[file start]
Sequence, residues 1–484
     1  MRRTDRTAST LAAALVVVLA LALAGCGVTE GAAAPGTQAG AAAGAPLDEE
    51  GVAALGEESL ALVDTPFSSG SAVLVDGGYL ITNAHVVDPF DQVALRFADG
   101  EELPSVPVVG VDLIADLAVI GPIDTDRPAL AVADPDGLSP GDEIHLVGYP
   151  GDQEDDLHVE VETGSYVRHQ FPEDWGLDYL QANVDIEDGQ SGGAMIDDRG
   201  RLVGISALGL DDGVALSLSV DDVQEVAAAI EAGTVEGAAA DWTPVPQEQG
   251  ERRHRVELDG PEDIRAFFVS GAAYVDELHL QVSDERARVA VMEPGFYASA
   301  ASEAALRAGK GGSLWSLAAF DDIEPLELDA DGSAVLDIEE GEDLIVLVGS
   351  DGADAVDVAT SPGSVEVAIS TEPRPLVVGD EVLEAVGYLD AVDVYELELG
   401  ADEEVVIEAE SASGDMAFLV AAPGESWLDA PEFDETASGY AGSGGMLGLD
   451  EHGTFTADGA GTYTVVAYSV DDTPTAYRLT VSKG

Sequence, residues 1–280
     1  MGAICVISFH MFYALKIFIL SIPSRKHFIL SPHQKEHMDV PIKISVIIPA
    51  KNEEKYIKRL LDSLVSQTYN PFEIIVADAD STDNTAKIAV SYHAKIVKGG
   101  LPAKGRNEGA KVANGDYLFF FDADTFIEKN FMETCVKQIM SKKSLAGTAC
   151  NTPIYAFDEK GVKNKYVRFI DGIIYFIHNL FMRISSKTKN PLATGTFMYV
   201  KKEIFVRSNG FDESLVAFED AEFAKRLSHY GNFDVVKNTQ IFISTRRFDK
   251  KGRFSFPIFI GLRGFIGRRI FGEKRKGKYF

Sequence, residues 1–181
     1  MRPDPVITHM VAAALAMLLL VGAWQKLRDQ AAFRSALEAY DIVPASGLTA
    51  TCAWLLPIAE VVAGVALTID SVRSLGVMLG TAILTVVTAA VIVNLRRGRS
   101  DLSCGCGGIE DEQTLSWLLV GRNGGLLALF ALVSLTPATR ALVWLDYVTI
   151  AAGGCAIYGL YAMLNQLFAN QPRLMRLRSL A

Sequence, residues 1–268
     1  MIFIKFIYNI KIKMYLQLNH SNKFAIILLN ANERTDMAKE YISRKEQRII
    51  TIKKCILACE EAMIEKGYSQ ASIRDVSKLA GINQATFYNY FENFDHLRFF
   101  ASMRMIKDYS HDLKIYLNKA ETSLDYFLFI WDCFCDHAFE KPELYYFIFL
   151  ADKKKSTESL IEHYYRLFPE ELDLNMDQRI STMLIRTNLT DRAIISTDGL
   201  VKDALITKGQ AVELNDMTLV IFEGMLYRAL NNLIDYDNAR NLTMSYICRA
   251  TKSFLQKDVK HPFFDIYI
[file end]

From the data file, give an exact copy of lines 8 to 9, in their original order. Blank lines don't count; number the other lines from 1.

   301  ASEAALRAGK GGSLWSLAAF DDIEPLELDA DGSAVLDIEE GEDLIVLVGS
   351  DGADAVDVAT SPGSVEVAIS TEPRPLVVGD EVLEAVGYLD AVDVYELELG